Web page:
Islamist Turkish President Recep Tayyip Erdogan falsely claimed Turkey had never "carried out any civilian massacres" in an attempt to assure the world that Ankara is not attempting ethnic cleansing against the Syrian Kurds on Wednesday.
The founding of modern Turkey was defined by the genocide of Armenian, Assyrian, and Greek Christians that began in 1915; the Turkish government has yet to recognize the genocide and regularly claims that the Christian civilians were actually war combatants, providing no evidence. Some have gone so far as to blame the Armenians for their own massacre.
Related: The Assyrian Genocide
Erdogan launched "Operation Peace Spring" last week, which Turkish officials have admitted is intended to eradicate the ethnic Kurdish presence in Rojava, or Syrian Kurdistan, to create a "safe zone" for the return of some of the four million mostly Arab refugees currently in Turkey. Kurdish officials in Rojava say the displacement of the indigenous Kurdish population is akin to ethnic cleansing.
Many Kurds and others, in the region and abroad, have blamed President Donald Trump for "Operation Peace Spring," as Trump announced he would relocate troops in Rojava to other areas of Syria given the lack of an Islamic State threat in the region currently. Trump is only legally authorized to use military action against al-Qaeda and its affiliates as per the 2001 Authorization for the Use of Military Force (AUMF) Congress passed in the aftermath of the September 11 attacks. The Islamic State is an offshoot of al-Qaeda formerly known as al-Qaeda in Iraq and Syria.
Erdogan, departing Azerbaijan for a summit visit there, attempted to assure the world that Turkey would attempt genocide against the Kurdish people by pointing to Turkey's history -- which, he failed to note, includes modern history's first genocide.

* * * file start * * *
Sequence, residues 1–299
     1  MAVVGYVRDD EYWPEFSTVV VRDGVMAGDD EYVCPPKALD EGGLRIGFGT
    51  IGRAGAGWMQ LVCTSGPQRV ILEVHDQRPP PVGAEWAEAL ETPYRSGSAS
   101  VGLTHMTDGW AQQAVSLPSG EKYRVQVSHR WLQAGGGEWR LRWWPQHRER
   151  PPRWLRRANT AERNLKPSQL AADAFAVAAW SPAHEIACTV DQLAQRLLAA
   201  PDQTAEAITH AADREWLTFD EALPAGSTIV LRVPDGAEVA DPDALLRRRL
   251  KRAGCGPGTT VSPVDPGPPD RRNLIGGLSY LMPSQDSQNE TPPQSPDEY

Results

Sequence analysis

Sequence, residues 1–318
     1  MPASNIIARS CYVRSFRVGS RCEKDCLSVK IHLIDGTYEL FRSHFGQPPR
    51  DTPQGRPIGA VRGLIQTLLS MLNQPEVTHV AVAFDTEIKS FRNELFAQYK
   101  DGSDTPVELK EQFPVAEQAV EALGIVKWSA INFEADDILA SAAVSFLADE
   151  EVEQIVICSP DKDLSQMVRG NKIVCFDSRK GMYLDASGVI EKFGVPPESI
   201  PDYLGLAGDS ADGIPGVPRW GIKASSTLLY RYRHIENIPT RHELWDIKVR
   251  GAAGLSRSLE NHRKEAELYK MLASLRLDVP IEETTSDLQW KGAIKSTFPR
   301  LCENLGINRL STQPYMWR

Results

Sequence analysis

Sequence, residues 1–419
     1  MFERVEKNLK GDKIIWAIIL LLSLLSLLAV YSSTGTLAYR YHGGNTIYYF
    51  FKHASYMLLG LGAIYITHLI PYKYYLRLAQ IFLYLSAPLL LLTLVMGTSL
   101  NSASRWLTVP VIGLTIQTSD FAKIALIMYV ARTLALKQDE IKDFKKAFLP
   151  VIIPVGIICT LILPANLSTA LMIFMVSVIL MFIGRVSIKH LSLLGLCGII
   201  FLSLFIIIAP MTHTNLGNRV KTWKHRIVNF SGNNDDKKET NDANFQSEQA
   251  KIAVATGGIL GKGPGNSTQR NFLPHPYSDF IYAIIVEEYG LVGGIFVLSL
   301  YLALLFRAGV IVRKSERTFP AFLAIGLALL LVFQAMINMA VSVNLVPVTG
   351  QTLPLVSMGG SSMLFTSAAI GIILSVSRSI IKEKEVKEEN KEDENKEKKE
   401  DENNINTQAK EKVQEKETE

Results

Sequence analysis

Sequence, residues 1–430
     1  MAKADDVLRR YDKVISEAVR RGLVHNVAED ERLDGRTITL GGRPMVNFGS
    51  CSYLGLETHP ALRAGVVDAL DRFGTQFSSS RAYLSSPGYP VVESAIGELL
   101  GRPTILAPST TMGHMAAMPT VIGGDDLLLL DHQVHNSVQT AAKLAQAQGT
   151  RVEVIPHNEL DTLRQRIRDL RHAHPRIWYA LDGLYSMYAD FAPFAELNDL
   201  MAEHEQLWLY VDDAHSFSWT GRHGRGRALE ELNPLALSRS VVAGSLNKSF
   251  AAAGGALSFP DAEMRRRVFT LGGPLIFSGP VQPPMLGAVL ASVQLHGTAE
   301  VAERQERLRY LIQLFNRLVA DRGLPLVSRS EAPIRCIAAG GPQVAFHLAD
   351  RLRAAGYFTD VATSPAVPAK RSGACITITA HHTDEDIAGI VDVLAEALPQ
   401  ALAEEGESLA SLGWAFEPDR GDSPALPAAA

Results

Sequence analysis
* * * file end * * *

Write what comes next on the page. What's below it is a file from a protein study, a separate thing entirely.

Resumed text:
"Turkey has never committed any civilian massacre in its history and it never will. Our religion and culture would never allow to do it," Erdogan alleged, according to Turkey's state-run Anadolu news agency. "If you're looking for civilian massacres, look at Afghanistan, Myanmar's Rakhine state, Upper Karabakh, and Bosnia," where Muslims were slaughtered late in the last century and in this one, Erdogan said. "If you want to see civilian massacres, look at Cyprus before Turkey's intervention, look at Palestine just under your nose, where the Muslims are deliberately killed in the streets."
Erdogan excluded the mass internment of Muslims in concentration camps in Xinjiang, China -- where many are being murdered, forcibly sterilized, or cut open for their vital organs -- from his list of alleged genocides against Muslims around the world. Chinese media have previously quoted him supporting the concentration camps.
Erdogan insisted once again that the Turkish military is fighting "terrorists" in Rojava, not "Syrians." Ankara regularly refers to all Kurds as "terrorists" and has arrested dozens of Kurdish politicians and allies from the People's Democratic Party (HDP) for unsubstantiated accusations of "terrorism."